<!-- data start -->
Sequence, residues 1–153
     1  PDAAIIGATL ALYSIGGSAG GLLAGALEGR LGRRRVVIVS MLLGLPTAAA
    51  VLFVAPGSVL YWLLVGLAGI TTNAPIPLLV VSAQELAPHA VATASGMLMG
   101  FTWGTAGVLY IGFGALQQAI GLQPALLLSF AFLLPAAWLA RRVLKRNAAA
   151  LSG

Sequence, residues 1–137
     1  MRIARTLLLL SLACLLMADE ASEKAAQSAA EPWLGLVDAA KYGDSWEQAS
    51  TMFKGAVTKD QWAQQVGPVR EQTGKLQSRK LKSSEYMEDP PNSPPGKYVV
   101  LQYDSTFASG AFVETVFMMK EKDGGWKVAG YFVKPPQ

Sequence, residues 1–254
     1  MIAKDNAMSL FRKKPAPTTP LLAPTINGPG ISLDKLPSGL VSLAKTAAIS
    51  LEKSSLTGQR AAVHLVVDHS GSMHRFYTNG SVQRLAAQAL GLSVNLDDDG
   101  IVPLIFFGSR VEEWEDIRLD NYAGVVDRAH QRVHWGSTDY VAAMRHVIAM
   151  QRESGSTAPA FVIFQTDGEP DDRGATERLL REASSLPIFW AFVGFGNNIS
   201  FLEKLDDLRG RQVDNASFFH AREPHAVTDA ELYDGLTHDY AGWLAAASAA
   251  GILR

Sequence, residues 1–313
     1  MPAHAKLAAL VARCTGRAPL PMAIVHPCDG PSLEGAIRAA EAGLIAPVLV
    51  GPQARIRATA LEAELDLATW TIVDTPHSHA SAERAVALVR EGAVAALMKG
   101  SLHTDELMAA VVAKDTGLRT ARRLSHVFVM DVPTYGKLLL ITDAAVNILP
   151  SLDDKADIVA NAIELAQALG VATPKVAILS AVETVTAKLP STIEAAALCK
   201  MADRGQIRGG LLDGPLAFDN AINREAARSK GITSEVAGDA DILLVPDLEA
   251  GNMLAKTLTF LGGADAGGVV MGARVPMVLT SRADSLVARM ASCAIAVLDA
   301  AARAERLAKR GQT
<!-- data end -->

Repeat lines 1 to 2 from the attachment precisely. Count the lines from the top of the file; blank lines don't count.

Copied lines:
Sequence, residues 1–153
     1  PDAAIIGATL ALYSIGGSAG GLLAGALEGR LGRRRVVIVS MLLGLPTAAA